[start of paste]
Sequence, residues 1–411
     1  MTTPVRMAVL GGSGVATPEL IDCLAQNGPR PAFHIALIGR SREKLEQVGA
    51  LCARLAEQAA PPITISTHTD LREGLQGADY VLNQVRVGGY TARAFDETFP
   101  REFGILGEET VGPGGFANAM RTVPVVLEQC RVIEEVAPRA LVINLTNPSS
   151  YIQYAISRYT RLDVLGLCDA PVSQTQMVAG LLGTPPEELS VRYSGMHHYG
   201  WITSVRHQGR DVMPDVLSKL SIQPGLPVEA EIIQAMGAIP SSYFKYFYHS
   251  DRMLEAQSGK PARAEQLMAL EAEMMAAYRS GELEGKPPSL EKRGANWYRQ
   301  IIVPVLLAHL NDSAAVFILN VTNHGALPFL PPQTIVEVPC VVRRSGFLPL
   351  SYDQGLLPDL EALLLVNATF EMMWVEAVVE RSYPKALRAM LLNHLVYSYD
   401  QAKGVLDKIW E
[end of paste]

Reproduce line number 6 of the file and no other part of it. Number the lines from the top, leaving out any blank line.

   201  WITSVRHQGR DVMPDVLSKL SIQPGLPVEA EIIQAMGAIP SSYFKYFYHS